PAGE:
Happy National Bottled in Bond Day! On March 3, 1897, 123 years ago, Congress passed the Bottled in Bond Act, one of the federal government’s first efforts at ensuring pure consumable products and truthful labeling for those products. Col. E.H. Taylor who ran both the George T. Stagg and Castle & Key Distilleries was the major driving force behind the act. The Act was passed in response to bottles of spirits being sold that had who knows what in them and came from who knows where. And, much to my capitalist sensibilities, it gave a tax break to those who complied.
For a spirit to qualify to be labeled as bottled in bond, it must be made in America, and:
1.) Be the product of a single distillation season, from either January to June or July to December;
2.) Be aged in a bonded warehouse for at least four years;
3.) Be bottled at 100 proof/50% alcohol by volume; and
4.) Be distilled by a single master distiller at a single distillery, and the distillery must be listed on the label.
If a distillery produced a whiskey according to these regulations, the distillery would only be taxed on the bottled whiskey that left the bonded warehouse, and could avoid paying tax on the angel’s share of what evaporated from the barrel. Gotta love a federal government who gives tax incentives to make better bourbon!
Bottled in Bond was, and is, the original small batch spirit. Unlike small batch which is totally ill defined legally or otherwise, Bottled in Bond (“BiB”) is a legally defined small batch, defined by time, a distilling season. Long considered to be “the good stuff”, BiB whiskey isn’t necessarily good by definition, but if it is bad, there is no covering it up. It’s a straight whiskey, but it also hasn’t been blended with different barrels distilled at different times; BiB is not bad whiskey mixed with good whiskey to make mediocre whiskey. It’s either good or it isn’t. More often than not, it is good, because otherwise why sell it?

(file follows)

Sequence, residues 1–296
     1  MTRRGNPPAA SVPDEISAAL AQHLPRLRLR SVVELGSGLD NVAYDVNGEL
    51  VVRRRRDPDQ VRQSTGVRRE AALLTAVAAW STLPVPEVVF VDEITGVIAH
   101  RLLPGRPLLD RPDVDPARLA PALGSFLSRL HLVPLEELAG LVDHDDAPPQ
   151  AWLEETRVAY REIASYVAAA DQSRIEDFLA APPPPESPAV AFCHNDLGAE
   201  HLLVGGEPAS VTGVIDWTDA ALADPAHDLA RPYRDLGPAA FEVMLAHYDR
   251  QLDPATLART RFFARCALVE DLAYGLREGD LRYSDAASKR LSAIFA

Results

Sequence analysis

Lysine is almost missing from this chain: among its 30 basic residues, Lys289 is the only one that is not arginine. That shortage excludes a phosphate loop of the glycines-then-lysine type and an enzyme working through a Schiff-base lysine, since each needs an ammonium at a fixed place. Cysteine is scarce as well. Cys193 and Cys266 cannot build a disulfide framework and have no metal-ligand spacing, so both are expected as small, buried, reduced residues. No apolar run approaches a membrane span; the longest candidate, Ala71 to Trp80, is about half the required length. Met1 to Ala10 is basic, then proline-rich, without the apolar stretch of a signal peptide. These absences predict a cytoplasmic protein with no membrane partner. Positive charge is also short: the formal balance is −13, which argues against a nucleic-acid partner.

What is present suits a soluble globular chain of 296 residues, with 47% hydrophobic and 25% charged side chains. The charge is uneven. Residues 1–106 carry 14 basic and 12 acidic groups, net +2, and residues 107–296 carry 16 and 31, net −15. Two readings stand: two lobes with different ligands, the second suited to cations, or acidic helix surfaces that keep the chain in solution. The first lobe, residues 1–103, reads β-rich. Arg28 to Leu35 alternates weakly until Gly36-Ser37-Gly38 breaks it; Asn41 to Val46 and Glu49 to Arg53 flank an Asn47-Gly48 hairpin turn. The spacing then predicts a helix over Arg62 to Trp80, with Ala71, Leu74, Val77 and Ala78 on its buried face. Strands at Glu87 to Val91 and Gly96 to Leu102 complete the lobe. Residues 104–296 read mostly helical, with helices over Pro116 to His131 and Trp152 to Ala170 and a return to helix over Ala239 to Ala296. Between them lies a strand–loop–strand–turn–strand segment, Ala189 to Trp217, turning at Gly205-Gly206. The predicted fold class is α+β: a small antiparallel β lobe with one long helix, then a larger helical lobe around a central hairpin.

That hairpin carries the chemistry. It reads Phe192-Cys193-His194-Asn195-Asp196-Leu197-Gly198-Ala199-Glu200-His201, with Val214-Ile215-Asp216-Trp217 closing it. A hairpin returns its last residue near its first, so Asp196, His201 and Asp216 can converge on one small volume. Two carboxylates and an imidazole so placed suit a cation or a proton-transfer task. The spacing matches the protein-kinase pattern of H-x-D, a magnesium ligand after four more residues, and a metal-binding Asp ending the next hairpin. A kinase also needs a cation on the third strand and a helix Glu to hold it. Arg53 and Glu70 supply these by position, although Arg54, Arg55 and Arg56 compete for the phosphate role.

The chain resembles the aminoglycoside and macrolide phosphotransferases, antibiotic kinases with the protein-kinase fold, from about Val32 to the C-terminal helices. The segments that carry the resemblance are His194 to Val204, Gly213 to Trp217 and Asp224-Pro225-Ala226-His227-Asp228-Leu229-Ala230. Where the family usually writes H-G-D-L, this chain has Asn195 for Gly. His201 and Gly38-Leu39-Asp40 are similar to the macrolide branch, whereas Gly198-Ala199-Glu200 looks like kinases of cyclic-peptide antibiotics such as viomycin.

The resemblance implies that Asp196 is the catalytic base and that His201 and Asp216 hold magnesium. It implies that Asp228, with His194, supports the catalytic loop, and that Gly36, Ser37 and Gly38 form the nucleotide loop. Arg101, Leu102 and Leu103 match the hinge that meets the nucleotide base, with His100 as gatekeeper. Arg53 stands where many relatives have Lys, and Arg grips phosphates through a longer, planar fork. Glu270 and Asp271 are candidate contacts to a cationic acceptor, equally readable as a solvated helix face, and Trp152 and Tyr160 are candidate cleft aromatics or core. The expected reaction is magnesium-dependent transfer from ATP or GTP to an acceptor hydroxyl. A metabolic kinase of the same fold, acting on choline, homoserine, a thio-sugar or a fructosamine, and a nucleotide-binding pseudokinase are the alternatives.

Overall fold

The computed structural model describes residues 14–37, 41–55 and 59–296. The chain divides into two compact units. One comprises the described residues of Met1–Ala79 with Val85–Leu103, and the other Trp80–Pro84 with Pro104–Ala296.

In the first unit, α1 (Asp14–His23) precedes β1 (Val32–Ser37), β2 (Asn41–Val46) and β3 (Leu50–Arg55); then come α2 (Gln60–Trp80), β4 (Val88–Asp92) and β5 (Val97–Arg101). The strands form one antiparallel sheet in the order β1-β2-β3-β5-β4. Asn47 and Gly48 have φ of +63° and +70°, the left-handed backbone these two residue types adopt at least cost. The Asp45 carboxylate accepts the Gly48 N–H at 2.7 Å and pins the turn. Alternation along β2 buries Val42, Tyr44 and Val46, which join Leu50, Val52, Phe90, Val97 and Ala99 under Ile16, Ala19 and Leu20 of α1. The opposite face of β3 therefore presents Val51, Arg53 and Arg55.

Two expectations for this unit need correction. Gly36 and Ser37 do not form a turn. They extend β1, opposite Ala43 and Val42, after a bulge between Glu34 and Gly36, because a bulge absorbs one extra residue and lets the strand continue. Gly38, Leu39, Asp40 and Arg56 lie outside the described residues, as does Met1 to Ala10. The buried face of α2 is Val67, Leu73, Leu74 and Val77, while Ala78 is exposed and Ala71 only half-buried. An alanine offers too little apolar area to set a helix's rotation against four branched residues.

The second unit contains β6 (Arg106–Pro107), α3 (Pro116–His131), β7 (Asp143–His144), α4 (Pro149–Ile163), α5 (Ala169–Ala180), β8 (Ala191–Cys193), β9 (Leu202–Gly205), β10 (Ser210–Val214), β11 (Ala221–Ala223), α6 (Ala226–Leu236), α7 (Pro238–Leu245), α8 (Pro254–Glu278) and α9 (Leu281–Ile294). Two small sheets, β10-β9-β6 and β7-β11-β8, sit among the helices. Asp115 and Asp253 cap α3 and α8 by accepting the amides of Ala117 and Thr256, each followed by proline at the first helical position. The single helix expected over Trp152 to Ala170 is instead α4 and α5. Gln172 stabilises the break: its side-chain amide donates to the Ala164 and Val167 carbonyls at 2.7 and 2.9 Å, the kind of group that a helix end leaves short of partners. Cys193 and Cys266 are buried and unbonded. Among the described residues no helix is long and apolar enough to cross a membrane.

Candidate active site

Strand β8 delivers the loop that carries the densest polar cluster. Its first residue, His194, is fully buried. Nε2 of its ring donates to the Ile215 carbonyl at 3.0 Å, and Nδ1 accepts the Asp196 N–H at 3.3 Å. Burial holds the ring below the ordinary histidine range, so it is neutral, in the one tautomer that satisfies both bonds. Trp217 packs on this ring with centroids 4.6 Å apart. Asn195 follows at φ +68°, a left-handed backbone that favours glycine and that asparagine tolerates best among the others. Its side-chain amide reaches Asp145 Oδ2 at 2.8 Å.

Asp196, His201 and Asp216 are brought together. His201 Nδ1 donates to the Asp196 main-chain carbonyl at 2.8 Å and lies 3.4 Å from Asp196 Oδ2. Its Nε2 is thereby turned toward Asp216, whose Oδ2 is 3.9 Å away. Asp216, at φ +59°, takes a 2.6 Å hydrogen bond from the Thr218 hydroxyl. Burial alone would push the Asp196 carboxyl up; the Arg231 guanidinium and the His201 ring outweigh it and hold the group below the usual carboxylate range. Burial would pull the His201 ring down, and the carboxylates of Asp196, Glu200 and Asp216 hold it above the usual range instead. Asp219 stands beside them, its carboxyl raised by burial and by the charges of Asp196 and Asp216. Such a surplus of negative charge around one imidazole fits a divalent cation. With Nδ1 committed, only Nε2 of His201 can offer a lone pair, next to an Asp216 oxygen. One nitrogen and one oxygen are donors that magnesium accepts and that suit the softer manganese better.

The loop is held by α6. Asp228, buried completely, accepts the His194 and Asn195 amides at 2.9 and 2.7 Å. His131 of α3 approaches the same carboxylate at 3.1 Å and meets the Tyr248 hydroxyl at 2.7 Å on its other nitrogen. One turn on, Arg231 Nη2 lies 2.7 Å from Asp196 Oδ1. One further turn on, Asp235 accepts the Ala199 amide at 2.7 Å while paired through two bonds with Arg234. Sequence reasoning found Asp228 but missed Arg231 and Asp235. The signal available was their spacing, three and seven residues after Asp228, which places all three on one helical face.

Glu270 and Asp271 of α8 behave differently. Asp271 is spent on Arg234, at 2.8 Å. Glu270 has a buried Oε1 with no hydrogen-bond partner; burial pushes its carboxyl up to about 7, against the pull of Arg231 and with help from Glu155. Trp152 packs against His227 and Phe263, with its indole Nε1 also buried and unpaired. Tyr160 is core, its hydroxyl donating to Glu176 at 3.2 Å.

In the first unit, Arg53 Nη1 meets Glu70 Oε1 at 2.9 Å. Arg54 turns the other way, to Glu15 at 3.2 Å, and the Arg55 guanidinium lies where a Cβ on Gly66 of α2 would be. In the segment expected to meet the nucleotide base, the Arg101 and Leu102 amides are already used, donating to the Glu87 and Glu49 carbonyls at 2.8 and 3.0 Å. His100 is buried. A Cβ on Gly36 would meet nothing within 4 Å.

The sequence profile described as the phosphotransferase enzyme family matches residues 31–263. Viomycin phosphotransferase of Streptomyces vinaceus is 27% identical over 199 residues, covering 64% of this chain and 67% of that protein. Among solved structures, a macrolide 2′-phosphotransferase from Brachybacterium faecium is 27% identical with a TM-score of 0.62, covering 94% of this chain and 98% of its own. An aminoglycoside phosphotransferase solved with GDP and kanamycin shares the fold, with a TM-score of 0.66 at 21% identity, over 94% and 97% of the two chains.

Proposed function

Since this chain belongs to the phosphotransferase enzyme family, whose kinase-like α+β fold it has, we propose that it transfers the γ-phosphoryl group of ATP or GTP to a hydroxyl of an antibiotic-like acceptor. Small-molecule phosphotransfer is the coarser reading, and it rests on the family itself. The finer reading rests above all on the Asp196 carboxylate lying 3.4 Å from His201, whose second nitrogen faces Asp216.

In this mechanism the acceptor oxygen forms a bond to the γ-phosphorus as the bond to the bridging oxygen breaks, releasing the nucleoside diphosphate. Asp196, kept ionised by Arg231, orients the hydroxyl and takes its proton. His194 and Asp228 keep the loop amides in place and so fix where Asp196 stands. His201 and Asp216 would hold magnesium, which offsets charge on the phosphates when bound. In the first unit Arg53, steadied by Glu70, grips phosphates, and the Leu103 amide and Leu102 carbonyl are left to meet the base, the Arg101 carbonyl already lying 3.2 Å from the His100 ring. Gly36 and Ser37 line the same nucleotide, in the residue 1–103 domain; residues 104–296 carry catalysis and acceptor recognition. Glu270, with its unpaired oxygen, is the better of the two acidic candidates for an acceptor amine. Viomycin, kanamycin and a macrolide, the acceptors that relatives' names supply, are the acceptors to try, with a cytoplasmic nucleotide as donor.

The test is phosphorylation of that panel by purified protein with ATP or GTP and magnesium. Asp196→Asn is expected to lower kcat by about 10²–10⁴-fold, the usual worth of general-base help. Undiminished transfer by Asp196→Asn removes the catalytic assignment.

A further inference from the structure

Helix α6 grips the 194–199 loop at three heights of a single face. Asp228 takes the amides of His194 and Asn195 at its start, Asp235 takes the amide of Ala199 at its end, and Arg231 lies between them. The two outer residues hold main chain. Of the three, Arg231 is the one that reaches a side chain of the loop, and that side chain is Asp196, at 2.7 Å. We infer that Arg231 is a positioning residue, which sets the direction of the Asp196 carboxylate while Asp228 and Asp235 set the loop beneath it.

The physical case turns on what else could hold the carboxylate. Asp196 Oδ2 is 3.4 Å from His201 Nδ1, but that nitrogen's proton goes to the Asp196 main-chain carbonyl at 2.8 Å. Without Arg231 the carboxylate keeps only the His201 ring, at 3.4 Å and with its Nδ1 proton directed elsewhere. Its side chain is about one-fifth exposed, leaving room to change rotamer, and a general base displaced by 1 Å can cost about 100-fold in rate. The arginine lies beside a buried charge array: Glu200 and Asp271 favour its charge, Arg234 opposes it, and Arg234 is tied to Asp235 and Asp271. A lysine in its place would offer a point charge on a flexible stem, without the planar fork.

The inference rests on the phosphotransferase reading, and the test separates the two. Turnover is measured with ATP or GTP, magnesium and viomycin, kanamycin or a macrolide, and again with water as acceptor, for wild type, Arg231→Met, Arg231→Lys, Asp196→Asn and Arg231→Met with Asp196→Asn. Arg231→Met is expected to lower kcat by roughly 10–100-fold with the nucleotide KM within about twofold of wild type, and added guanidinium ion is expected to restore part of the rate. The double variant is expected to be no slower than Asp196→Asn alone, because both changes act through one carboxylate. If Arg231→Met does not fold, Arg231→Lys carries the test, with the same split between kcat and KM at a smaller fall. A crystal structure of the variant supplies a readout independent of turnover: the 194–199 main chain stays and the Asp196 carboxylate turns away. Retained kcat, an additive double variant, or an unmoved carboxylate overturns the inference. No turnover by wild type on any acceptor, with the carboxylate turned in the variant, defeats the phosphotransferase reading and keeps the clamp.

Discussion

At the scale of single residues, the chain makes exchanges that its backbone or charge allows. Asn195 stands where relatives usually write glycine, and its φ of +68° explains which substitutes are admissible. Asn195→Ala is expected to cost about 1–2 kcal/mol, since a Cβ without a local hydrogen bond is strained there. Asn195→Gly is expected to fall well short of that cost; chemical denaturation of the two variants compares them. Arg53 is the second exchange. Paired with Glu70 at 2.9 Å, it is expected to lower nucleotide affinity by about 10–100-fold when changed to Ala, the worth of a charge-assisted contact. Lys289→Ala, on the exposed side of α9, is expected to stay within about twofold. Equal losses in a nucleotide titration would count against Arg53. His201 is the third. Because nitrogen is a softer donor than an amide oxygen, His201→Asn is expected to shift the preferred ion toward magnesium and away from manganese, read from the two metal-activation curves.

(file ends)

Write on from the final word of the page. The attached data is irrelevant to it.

It is also important to understand that BiB bourbon was bottled at close to cask strength at 100 proof for most of its history. Federal government regulations used to require that bourbon enter the cask at no more than 110 proof. In the 1960’s this was increased to 125 proof; before that, 100 proof was pretty darn close to cask strength.
BiB bourbon of course suffered along with the rest of the bourbon industry, starting in the 1960’s and 70’s, when so called “super smooth” 80 proof spirits were all of the rage, and then the bourbon market hit its darkest days when numerous distilleries were mothballed or sold and bourbon production was being exported due to a weak American market.
However, during those times, in the early nineties when bourbon was just starting to recover its following, Evan Williams White Label Bottled in Bond was one of my staple bourbons.
As bourbon was rediscovered by the drinking public, so was Bottled in Bond.